Todd Bertuzzi: The aftermath
If you're tired of reading about Todd Bertuzzi, you can be forgiven. More than enough ink has certainly been spent on the man in the past 24 hours.
17 months is a long time for anyone, and certainly a long time for a hockey player to sit. Especially with something on your mind. Something bad.
When I think of Bertuzzi and 'the incident,' a couple of things come to mind. The blog community has been discussing the merits of his punishment ad nauseam, but for myself, at least in part, the key question is: At what point do you forgive the unforgivable?
In my line of work, and particularly during my nights on the news desk, there are invariably stories where unforgivable actions are met with leniency. Just recently, Karla Homolka received only 12 years in prison for her part in the assault and subsequent killing of three young women. Many rapists in this country receive perplexingly lax sentences. Murderers do, at some point, go free.
This is not to compare what Bertuzzi did to these heinous acts or to flaunt some sort of higher moral authority I deem myself to have. I don't. But, in meting out punishments, it's believed that they'll serve as a deterrent to whoever else finds themselves in a similar situation.
And while you'll hear in the media how the NHL is back to it's old ways, has learned nothing from 'the incident,' and should aspire to 'be more like the other sports,' I don't expect in the wake of the past 17-months that players will view violent on-ice acts the same way. Call me naive.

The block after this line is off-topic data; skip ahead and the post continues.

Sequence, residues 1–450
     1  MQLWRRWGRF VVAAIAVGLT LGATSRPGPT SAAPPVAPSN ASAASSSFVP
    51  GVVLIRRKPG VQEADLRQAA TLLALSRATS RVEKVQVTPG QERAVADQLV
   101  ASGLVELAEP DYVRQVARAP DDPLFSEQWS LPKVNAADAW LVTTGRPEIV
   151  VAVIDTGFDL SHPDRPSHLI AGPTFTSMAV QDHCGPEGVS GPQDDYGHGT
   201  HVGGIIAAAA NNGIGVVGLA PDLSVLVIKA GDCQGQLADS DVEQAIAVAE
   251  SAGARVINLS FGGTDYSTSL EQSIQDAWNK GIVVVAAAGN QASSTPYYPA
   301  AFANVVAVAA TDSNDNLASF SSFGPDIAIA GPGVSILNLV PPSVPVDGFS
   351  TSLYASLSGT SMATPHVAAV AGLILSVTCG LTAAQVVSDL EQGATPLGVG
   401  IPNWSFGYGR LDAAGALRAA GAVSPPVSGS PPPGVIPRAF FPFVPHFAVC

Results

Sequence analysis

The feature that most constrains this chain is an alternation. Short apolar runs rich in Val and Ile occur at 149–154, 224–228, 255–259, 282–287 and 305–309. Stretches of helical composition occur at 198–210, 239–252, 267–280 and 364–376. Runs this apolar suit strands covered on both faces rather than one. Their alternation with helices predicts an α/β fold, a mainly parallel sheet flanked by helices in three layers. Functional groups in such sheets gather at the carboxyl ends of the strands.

To those who have coshed Bettman's decision: At some point, Bertuzzi does have to return to the NHL. Whether it is on October 5, or 20 games from then, or two years from then, none of these scenarios will adequately atone for what he did. Bertuzzi can never repair the damage done to Steve Moore or to his own personal reputation.
Putting aside the missed opportunities to play for Team Canada and a lost season of hockey, what he did to Steve Moore will alone damn Bertuzzi for the rest of his days. Think about that. In 2055, should an article be penned about a then 80-year-old Bertuzzi, it'll centre upon 'the incident.' It will, in fact, define the rest of his life.
Todd Bertuzzi reminds me of the tragic protagonist in a classic monster movie. At 6-foot-3 and 245 pounds, his combination of enormous physical size and hockey skills really haven't been seen in hockey. Perhaps with the likes of Eric Lindros, but then again, Bertuzzi is different. It's his demeanor — the nastiness with which he plays the game — that made him a successful NHL superstar for the two seasons he could be branded as such.
Bertuzzi is not a smart man. He has always been a loose cannon on the ice, but, for the most part, it has been the barbaric way in which he plays that game that fans (Canadian ones, at least) have loved.
In absolutely no way or form did he mean to break a man's neck when he 'attacked' Steve Moore. In his mind, Bertuzzi was defending his closest friend, Markus Naslund. He was the monster, who, not knowing his own brutish strength, was destined to play his part in a tragedy.
Be thankful he didn't kill anyone.
You know what, I'm impressed with the way Bertuzzi has handled himself ever since he clobbered Moore. In his simple way, he has shown a maturity not shown in his nine-year NHL career. When it's on display, it has showcased a humble side of Todd, a side he perhaps should have cultivated a little more throughout his life.
Bertuzzi is 30 years old, and, in light of the the past 17 months, he'll return to the game a much different person. Whether or not we'll each individually forgive him, as fans of hockey, is a personal choice. At some point, however, he has to be able to come back, atone for what he's done and make amends the best he can.
He's learned his lesson. Let him play.